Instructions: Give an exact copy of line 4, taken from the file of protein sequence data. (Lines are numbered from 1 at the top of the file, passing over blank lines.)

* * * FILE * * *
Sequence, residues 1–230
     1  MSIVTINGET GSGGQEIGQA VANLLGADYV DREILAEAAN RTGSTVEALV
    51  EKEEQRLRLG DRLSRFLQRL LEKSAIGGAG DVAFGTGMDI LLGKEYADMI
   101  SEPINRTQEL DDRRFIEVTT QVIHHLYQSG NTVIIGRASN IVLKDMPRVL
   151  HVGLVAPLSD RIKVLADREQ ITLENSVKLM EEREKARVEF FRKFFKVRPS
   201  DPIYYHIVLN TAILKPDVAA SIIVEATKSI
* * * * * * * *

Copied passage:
   101  SEPINRTQEL DDRRFIEVTT QVIHHLYQSG NTVIIGRASN IVLKDMPRVL